Spec Ops: The Line was one of our favorite games at PAX East back in April, and we even got a chance to get away from all the hustle and bustle and have a lengthy chat about the game's story with its lead writer, Walt Williams.
After playing the game for almost an hour and speaking with Williams, it was abundantly clear that The Line is not your typical war game. It's set in Dubai six months after a massive sandstorm, and three US soldiers (Walker, Lugo, Adams) are sent into the ruins to evacuate a soldier named John Konrad, who it turns out doesn't exactly need extraction.
Riffing off of Joseph Konrad's novel Heart of Darkness (or if you prefer, the Vietnam film inspired by it, Apocalypse Now), Spec Ops: The Line is going to ask a lot of players, and it's not going to give them much hope in return.
That's exactly what we talked about in this new interview with the game's senior producer, Denby Grace.
Complex: Tell me about the choices players will be making in Spec Ops: The Line.
Denby Grace: Ultimately the big push is on you as the player in sort of creating an emotional moment that maybe tweaks you in some way. So allowing you to sort of make a choice—or pushing you to make a choice actually is better—none of the key moments that we have in the game are actually nice moments. They're kind of choosing between something that's bad or something that's probably worse. The easiest way is probably for me to give you a couple of examples.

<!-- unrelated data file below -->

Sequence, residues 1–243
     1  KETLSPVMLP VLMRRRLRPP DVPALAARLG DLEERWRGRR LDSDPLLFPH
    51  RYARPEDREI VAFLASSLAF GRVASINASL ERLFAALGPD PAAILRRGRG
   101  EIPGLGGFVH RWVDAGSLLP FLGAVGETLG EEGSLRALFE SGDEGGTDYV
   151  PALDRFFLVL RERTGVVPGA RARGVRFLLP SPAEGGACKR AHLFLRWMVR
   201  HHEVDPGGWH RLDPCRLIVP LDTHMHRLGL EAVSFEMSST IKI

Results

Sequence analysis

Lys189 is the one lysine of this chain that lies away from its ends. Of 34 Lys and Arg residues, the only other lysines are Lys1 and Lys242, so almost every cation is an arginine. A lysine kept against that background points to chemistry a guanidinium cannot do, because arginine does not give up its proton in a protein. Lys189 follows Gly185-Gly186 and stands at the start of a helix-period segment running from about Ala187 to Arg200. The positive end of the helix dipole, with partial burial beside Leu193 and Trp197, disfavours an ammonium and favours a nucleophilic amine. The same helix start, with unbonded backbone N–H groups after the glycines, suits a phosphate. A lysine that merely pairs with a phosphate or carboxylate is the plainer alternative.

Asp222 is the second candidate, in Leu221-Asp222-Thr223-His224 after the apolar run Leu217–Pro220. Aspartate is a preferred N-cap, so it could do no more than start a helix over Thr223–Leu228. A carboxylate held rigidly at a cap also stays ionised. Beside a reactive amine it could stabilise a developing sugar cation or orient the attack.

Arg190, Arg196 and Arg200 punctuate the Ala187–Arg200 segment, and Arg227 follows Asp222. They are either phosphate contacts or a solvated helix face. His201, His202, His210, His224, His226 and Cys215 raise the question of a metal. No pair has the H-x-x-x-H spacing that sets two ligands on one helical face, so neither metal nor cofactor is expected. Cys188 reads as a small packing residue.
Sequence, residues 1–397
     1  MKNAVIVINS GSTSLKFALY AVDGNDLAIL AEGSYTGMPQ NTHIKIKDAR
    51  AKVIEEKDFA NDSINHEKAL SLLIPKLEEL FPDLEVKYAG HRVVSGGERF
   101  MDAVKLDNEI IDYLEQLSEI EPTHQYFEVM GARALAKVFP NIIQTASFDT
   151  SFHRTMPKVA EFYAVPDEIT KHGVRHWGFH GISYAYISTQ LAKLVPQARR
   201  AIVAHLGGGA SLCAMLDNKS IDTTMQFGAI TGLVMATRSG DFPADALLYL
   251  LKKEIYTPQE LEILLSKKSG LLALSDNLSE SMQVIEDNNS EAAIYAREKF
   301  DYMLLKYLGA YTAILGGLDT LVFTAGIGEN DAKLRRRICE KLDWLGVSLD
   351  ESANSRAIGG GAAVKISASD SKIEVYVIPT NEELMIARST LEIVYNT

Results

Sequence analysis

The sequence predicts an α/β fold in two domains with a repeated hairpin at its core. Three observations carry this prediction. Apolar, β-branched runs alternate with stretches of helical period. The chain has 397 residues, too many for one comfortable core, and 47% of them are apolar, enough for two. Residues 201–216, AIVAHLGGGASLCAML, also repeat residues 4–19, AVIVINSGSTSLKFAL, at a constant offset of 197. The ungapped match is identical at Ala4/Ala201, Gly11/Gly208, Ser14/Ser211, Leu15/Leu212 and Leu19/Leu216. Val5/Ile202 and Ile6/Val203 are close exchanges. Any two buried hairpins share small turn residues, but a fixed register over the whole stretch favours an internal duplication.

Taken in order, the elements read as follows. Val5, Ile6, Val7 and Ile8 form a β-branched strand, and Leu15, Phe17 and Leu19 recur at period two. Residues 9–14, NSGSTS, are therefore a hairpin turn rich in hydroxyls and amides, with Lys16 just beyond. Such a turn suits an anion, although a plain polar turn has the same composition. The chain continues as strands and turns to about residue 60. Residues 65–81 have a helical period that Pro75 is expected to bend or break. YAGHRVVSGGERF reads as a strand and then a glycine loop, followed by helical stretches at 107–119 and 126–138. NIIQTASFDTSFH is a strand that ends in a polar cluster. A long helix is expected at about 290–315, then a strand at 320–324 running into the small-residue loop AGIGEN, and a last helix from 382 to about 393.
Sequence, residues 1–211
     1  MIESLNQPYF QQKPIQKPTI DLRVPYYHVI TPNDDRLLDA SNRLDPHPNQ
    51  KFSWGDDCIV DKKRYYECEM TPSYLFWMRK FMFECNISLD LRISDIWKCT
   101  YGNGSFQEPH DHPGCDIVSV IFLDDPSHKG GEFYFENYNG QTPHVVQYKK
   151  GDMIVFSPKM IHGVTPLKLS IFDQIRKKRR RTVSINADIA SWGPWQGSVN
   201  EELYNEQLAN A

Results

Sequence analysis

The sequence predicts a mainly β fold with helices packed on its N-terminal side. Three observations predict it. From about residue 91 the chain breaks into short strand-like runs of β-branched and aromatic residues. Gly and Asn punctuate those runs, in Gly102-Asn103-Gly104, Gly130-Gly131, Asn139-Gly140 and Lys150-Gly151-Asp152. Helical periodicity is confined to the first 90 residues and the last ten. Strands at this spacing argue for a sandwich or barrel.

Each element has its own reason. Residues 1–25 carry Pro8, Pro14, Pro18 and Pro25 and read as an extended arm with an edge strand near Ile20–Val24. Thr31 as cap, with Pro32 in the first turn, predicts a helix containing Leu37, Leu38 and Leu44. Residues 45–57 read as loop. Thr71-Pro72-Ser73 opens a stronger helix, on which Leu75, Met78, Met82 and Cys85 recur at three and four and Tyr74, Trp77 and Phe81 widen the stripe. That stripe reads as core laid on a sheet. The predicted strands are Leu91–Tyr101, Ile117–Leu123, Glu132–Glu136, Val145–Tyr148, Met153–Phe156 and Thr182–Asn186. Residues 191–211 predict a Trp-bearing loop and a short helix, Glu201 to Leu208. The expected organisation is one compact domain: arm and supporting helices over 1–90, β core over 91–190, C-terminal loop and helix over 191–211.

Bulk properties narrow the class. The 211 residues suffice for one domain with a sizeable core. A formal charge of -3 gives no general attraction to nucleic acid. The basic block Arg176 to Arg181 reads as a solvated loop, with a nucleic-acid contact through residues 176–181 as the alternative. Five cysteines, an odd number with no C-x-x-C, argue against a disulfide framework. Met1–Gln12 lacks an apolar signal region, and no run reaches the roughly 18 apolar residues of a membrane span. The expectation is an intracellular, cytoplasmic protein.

One of the examples that you encounter at one moment is you're walking down this sort of destroyed freeway and there's these two guys hanging from an overpass or signage. They're hung, basically, from their hands. So they're strung up, they're alive, and Konrad, over the voiceover radio says, "Hey, Walker, you have to choose who lives and who dies in this moment."
The guy on the right, he stole water, which basically under the martial law in Dubai at this moment in time is a crime. It's a big, really heinous crime because water is really, really scarce. The guy on the left is a soldier from the 33rd, and he was actually sent to reprimand this guy. Now this soldier turned up and murdered this guy's entire family.
The way Konrad frames it is he's like, "Look, I'm forced to make these sorts of choices every day." This is like, you're in. It's sort of like this situation is not nice, it's not good, but you have to choose one guy. Who lives? Who dies? There's like four different outcomes from this moment. You can shoot one guy, you can shoot the other guy, you can shoot both guys. Or you can take—on the sides of the freeway are a bunch of snipers basically. So you're made to—the snipers are targeting the guys that are hung as well. So you're told to make a choice.
It's a really hard situation, but ultimately it's winnable.